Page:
The internal services of public sector bodies could also act as competent bodies. A competent body could be a public sector body assisting other public sector bodies in allowing re-use of data, where relevant, or a public sector body allowing re-use itself. Assisting other public sector bodies should entail informing them, upon request, about best practices on how to fulfil the requirements laid down in this Regulation such as the technical means to make a secure processing environment available or the technical means to ensure privacy and confidentiality where access to re-use of data within the scope of this Regulation is provided.

(27) Data intermediation services are expected to play a key role in the data economy, in particular in supporting and promoting voluntary data sharing practices between undertakings or facilitating data sharing in the context of obligations set by Union or national law. They could become a tool to facilitate the exchange of substantial amounts of relevant data.

Data intermediation services providers, which may include public sector bodies, that offer services that connect the different actors have the potential to contribute to the efficient pooling of data as well as to the facilitation of bilateral data sharing. Specialised data intermediation services that are independent from data subjects, data holders and data users could have a facilitating role in the emergence of new data-driven ecosystems independent from any player with a significant degree of market power, while allowing non-discriminatory access to the data economy for undertakings of all sizes, in particular SMEs and start-ups with limited financial, legal or administrative means.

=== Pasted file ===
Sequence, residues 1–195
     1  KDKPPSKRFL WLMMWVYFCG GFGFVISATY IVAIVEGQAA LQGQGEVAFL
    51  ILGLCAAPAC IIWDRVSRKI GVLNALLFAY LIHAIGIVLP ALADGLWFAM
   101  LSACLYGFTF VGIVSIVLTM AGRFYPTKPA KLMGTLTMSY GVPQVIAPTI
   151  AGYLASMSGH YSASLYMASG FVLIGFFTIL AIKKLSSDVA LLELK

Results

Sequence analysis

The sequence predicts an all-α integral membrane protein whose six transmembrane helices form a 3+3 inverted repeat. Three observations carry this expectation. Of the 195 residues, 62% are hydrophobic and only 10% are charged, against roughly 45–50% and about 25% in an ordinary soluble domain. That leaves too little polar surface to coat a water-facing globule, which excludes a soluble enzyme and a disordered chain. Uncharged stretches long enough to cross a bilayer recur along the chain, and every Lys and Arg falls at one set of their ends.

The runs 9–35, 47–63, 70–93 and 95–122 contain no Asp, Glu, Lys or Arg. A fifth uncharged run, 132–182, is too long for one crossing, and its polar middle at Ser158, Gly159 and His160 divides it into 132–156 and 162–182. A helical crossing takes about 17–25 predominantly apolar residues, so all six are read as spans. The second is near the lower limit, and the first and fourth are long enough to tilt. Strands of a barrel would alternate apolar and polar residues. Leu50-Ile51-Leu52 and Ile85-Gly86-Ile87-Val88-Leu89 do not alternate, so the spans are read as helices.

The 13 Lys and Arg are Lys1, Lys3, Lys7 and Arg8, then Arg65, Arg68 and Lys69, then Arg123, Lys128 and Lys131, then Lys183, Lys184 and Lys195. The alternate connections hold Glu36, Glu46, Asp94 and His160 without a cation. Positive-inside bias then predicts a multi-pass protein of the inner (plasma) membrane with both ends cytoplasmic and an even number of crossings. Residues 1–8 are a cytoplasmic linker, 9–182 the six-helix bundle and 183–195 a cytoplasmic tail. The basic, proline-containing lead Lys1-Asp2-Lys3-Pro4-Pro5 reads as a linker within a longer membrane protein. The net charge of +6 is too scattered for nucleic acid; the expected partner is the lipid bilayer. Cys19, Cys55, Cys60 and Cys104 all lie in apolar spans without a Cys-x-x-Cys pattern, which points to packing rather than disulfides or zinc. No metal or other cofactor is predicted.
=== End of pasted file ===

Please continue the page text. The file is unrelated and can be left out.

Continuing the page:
This will be particularly important in the context of the establishment of common European data spaces, namely purpose- or sector-specific or cross-sectoral interoperable frameworks of common standards and practices to share or jointly process data for, inter alia, the development of new products and services, scientific research or civil society initiatives. Data intermediation services could include bilateral or multilateral sharing of data or the creation of platforms or databases enabling the sharing or joint use of data, as well as the establishment of specific infrastructure for the interconnection of data subjects and data holders with data users.

(28) This Regulation should cover services which aim to establish commercial relationships for the purposes of data sharing between an undetermined number of data subjects and data holders on the one hand and data users on the other, through technical, legal or other means, including for the purpose of exercising the rights of data subjects in relation to personal data. Where undertakings or other entities offer multiple data-related services, only the activities which directly concern the provision of data intermediation services should be covered by this Regulation.